ImpactAlpha, October 23 – Forests are climate-negative technology at scale. So investments in tropical forests should be investment-ready, and fund managers able to tap the opportunity should be rolling in capital.
But fund managers with an eye to conserving the world’s biggest carbon sink had had trouble getting traction.
Terra Silva, a new $90 million fund of funds, will help eight to 10 investment fund managers prove that sustainable tropical forests are a profitable bet for commercial investors.
The Packard and MacArthur foundations backed the fund with low-cost debt program-related investments, with a goal to “build a new asset class where none currently exists,” Packard’s Susan Phinney Silver told ImpactAlpha. A third, undisclosed mission-driven private investor, is contributing equity capital and will manage the fund.
“It’s about inducing investment in a market where there are no institutional investors who are currently willing to assess and take these early-stage risks before the business models are proven out,” says Phinney Silver. “It is enabling investments in funds and intermediaries that otherwise would never have gotten the capital to launch or become viable in the first place.”
MacArthur, which committed $20 million to Terra Silva, made the investment as part of a $150 million allocation meant to jog private investment in underfunded impact sectors by corralling in matching capital. It follows a $30 million investment in Rockefeller’s Zero Gap portfolio of innovative financial structures designed to address the Sustainable Development Goals.
For the remaining $100 million mandate, MacArthur plans to select five to six more investments from among more than 100 proposals submitted as part of the Catalytic Capital Consortium. Selections are expected early next year.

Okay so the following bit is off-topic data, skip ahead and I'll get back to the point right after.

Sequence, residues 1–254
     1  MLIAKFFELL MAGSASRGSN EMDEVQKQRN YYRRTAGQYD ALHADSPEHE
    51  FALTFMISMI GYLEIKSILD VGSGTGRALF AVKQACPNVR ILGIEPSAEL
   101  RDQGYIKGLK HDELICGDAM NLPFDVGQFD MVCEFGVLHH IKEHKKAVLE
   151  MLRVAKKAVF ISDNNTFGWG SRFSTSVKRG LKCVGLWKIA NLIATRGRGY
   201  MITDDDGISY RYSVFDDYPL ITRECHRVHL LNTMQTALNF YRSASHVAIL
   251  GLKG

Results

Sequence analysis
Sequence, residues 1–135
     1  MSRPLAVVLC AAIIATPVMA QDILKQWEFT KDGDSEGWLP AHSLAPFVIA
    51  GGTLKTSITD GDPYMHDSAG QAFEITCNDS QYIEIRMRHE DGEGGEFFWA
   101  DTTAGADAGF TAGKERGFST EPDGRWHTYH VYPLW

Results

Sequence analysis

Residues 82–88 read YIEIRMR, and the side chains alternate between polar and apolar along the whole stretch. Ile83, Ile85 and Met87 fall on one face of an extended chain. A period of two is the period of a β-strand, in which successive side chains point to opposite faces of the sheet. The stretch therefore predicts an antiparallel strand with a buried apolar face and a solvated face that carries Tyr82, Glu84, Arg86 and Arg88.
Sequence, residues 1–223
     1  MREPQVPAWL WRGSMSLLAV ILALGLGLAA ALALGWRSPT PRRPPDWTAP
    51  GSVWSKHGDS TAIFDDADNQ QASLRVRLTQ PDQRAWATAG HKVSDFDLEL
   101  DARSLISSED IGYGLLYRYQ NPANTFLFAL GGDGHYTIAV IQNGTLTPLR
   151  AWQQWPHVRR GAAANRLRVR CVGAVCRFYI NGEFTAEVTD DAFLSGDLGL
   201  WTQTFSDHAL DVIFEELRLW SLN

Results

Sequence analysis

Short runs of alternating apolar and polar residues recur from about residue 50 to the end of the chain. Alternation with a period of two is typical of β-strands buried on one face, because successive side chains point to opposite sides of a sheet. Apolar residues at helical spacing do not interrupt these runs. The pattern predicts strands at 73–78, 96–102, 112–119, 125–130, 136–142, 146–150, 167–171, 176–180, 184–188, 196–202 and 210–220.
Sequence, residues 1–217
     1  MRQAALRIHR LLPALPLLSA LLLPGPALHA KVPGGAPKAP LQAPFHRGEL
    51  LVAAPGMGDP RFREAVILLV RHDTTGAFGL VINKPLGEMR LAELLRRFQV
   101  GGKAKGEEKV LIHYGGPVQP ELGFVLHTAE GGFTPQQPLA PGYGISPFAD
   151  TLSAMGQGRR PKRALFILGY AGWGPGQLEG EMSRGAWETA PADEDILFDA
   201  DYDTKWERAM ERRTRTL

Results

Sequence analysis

The Catalytic Capital Consortium, a joint initiative of MacArthur, the Rockefeller Foundation and Omidyar Network, was established earlier this year to persuade more foundations, development-finance institutions and wealthy individuals to provide patient, flexible “catalytic capital” to mobilize more financing for higher-risk or lower-return impact investments.
“We believe the Packard Foundation through Terra Silva is a powerful example and powerful leader in the use of catalytic capital,” MacArthur’s Debra Schwartz said in an interview. “This vision of a set of managers, who can be benchmarked, who can draw in capital that would have been on the sidelines, that’s the part of catalytic capital we want to lift up.”
The Packard and MacArthur foundations last year pledged to collaborate on climate investing and “fill capital gaps and help move the needle in the climate fight beyond what any one foundation could do alone.”
Packard’s investment in Terra Silva is the latest in a decade-long commitment to conservation, climate action and mission investing. The foundation has poured $80 million in climate-smart investments since 2010, including with timber fund managers such as New Forests and Ecotrust Forest Management.
Both Packard and MacArthur’s commitments to Terra Silva are structured as long-term, low-interest “program-related investments,” meaning they come from the programmatic and grantmaking sides of the foundations, rather than from the endowments. The third investor is contributing equity capital. The Packard and MacArthur PRI’s sit senior to the equity in Terra Silva’s capital stack, and include “all the protections that one would expect for senior debt holders,” she says.
The fund will make anchor debt and equity investments in funds investing in forest conservation, sustainable forest management, and climate-smart forestry and agriculture. With the number of funds $90 million can seed, investors will be able to benchmark, diversify and exit, explains Phinney Silver.
Packard and MacArthur aren’t subsidizing the risk or propping up their returns of commercial investors. The “catalytic” goal of the foundations’ capital in Terra Silva is to demonstrate the viability of sustainable tropical forest investments.
“It will be the fund managers, who are able to launch and get to scale, build a track record and establish the new asset class of tropical sustainable forestry and climate-smart agriculture funds, that get the benefit,” says Phinney Silver.
Terra Silva’s aim is to be fully invested over the next three to four years. It is targeting funds that currently don’t have adequate access to commercial investment sources. Phinney Silver explains that the partners hope to see Terra Silva’s capital leveraged ten-fold at least.
“We’ve done some rough math. With us as a lead investor, fund managers getting to $1 billion to $2 billion in follow-on rounds is a realistic goal,” she says. “That’s the level at which investors start looking at it more as an asset class.”
“The PRI capital is catalytic in the sense that it is enabling investments in funds and intermediaries that otherwise would never have gotten the capital to launch or become viable in the first place.”